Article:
Photos by Lucie Jansch and Text by Carolina Amaris for LURVE magazine.
The Life And Death of Marina Abramovic opened in New York last week to
a sold out 10 performances at the Park Avenue Armory. The dynamic
direction of Robert Wilson takes the audience on a deep exploration of
the Artist’s difficult and sobering childhood in Yugoslavia and her
evolution into a performance artist, featuring Willem Dafoe, Marina
Abramovic, and Antony.
From the moment the audience steps foot into the dimly lit setting,
corpses lay in Bauhaus style coffins. The corpses adorned in Pierrot
style faces lay with bones underneath them and three Doberman pinchers
running around chewing and sniffing the remains. Perhaps the Artist’s
metaphor of the past, present and future?
Willem Dafoe without notice begins the production as the narrator and
her consciences, immediately taking the audience through a timeline of
Marina’s life. Willem Dafoe’s performance is didactic and raw. Through
his narration the actor delivers a deep emotional, and confrontianal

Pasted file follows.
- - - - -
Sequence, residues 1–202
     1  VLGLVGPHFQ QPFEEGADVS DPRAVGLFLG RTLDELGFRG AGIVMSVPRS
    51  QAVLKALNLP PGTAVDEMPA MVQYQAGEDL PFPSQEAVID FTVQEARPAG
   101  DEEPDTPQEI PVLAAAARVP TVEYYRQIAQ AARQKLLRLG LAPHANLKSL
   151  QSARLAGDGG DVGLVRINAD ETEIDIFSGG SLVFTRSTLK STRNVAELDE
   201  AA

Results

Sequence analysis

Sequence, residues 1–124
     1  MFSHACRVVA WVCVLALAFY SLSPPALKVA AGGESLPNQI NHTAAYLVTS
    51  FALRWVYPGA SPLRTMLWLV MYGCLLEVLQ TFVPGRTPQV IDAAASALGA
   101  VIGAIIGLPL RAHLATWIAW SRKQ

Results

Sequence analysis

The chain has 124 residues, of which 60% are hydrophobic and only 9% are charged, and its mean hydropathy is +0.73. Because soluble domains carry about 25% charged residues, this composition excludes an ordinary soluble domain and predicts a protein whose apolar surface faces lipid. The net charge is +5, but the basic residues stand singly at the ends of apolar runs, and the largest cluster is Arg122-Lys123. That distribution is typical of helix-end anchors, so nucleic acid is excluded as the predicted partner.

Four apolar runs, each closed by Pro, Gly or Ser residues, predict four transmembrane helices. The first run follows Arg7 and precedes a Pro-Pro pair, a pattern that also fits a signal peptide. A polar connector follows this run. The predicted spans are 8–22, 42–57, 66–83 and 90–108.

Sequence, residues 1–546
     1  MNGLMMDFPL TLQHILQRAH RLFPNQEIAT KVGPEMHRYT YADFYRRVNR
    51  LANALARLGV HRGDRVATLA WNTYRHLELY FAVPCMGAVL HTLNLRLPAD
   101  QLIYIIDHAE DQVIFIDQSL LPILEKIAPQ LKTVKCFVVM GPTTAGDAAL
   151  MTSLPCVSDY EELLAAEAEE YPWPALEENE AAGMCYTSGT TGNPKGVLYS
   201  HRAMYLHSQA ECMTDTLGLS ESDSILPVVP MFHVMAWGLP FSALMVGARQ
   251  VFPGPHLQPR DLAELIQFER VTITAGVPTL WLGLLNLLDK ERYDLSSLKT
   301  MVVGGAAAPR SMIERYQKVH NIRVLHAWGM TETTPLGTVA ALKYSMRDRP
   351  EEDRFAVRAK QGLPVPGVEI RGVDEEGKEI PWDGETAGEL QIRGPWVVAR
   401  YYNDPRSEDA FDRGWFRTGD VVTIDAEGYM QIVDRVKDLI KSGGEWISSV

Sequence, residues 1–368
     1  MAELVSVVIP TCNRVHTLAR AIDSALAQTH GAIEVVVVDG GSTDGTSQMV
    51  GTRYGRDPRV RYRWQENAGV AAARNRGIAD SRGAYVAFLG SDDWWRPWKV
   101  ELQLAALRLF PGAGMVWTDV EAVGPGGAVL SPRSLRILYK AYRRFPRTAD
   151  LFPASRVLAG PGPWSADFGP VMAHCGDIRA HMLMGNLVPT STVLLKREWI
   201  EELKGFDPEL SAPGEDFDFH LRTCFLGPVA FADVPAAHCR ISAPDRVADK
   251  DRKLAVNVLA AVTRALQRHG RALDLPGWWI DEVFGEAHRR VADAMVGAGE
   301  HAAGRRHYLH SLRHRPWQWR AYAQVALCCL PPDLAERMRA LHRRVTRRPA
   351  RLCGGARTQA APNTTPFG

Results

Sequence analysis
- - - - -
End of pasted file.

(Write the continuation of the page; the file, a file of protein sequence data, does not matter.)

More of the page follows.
voice, setting the tone for each specific scene with a date.
Marina Abramovic plays her stoic mother who was anything but loving to
her as a child. Dressed in very matrimony black gown, Marina recreates
what her mother was like during the cold war and her disciplinary
skills that were abusive. Though never to be victim as Marina
proclaimed at a young age, she managed to still rebel and eventually
create a safe space where her mother would no longer torment her.
As the audience moves through her life the hauntingly vocals of Antony
are performed to various scenes of beautiful agony and moments of deep
introspection- such as self-mutilation and acceptance. Though most
moments’ are serious, Marina still finds comedic dialogue which
makes the audience laugh and reminds the viewer that even the Artist
remembers 1962, the date of her first menstruation or her master plan
to change her nose as a child a la Brigitte Bardot.
Although traditionally a play, Marina Ambramovic takes this medium and
creates her best work yet as a performance artist. Does Marina
literally die as the title of this work suggests? Perhaps, but as we
all know there is rebirth.